Listen: 13419_1979328lorde_64

MPR’s Nancy Fushan talks with feminist Black poet Audre Lorde about the power in her poetry. Segment also includes Lorde reading her poetry.

Lorde published several books of poetry, including From a Land Where Other People Live (1972), which was nominated for a National Book Award, and The Black Unicorn (1978). Lorde was poet laureate of New York from 1991-1992.

This recording was made available through a grant from the National Historical Publications & Records Commission.


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AUDRE LORDE: Poetry is something that needs to inform our whole lives. It is a way of living. It is a way of looking at the earth, at our selves, at our connection with each other, that doesn't, doesn't, doesn't, doesn't limit itself to the act of sitting down and putting the pen to paper.

NANCY FUSHAN: Poet Audre Lorde has been using her art as a tool of introspection for nearly 30 years. And as a Black woman, one of the most significant observations learned has been the nature of power as it affects us all. In what she terms an oppressive system, too many people relinquish their chance to speak. Such expression is a calculated risk. Honest, uncompromising writing requires putting your mental and emotional power on the line.

For example, in a work called Power, Lorde links poetry with the ability to be ready to kill yourself. The key to dealing with power for Lorde is developing an alternative sense of power. And that is something that she sees as the major reason for her art form.

AUDRE LORDE: I see it is as helping to make not only me more who I need to be, but everyone else who partakes in it. And I see this as a function of any art and certainly the function of poetry to make us stronger, to make us more who we are, to make us, in other words, more powerful. I don't believe that there is such a thing as art for art's sake. Art in order to live, art in order to be meaningful, has a function. And it is to make us more who we wish to be.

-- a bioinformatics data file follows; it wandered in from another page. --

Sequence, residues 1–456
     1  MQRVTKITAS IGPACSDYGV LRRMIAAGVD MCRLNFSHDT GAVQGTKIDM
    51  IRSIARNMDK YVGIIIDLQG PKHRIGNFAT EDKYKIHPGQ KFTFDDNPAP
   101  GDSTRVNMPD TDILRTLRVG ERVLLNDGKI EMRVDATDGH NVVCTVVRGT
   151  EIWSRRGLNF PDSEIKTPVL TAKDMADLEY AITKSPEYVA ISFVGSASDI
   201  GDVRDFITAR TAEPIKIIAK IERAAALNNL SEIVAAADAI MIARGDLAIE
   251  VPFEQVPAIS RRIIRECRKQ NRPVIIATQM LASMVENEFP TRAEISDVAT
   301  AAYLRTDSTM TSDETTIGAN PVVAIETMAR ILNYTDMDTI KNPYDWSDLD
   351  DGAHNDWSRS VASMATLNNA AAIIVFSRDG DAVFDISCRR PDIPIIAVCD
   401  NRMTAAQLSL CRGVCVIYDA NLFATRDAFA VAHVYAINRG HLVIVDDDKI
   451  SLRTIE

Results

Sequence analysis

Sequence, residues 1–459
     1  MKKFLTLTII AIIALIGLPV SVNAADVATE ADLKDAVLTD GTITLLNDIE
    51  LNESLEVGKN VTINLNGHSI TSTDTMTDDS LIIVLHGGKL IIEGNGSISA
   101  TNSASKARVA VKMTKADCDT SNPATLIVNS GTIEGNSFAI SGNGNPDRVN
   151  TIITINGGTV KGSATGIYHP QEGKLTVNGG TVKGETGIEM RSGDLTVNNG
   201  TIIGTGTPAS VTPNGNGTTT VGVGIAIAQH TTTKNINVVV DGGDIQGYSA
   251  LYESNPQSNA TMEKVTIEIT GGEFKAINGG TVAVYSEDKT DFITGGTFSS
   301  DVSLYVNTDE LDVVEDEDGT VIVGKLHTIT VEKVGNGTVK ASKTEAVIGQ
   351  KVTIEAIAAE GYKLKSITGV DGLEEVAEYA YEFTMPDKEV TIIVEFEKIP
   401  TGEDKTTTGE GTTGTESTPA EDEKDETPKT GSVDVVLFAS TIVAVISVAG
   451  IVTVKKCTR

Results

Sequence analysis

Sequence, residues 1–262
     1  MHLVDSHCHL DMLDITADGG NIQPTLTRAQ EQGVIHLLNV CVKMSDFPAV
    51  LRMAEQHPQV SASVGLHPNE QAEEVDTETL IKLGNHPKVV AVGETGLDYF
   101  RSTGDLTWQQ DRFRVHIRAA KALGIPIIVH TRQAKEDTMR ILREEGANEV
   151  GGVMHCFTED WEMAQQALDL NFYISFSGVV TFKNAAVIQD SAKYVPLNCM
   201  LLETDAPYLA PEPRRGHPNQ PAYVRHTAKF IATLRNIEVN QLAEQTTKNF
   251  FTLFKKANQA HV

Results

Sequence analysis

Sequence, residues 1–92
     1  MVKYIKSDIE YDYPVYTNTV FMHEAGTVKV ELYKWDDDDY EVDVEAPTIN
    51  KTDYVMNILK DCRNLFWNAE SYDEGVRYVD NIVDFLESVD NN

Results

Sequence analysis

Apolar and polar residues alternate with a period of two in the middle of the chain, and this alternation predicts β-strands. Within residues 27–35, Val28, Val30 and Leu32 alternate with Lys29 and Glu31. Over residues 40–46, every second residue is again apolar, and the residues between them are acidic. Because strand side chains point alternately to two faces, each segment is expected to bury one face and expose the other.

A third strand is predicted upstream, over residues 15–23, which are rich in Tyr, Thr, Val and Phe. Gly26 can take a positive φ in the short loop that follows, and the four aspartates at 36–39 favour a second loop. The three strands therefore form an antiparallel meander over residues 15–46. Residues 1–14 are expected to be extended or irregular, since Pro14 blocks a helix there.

SPEAKER 2: What filters down through much of her work is our capacity to change. Lorde's early work reveals a young and often angry Black woman facing the unfriendliness of urban America. And yet, in a poem like "Coal", Lorde finds a curious beauty in that hostile urban environment.

AUDRE LORDE: This poem is 1963? This poem is 15, 16 years old. And yet if I think of some of the poems that are most important in my life, in the earlier books, there are poems that were conceived of in the subway, written in the subway, or have, as one of their major symbols, the subway. And that's very interesting. So I think that there is something that we need to, that I need to attend to. Because I'm always conscious of that. And this is one of them.

This poem, I remember, came to my mind as I was riding uptown, right after my daughter was born, in a 5:00 o'clock subway, in a rush hour subway. And I became conscious of myself and all of us as individuals packed into those cars. And since I'm very involved with rocks, it felt as if it was the process of solidifying the change from coal into diamond. And that we were all undergoing it, that we were all being fired and pressurized. And that's the major symbol that comes through in this poem. The title of it is "Coal".

I is the total black being spoken from the Earth's inside. There are many kinds of open, how a diamond comes into a knot of flame, how sound comes into a word, colored by who pays what for speaking. Some words are open, like a diamond on glass windows, singing out within the passing crash of sun. Then there are words like stapled wagers in a perforated book, buy, and sign, and tear apart. And come whatever wills, all chances, the stub remains, an ill-pulled tooth with a ragged edge.

Some words live in my throat, breathing like adders. Others, no sun, seeking like Gypsies over my tongue, to explode through my lips, like young sparrows bursting from shell. Some words bedevil me. Love is a word, another kind of open. As the diamond comes into a knot of flame, I am Black because I come from the Earth's inside. Now, take my word for jewel in the open light.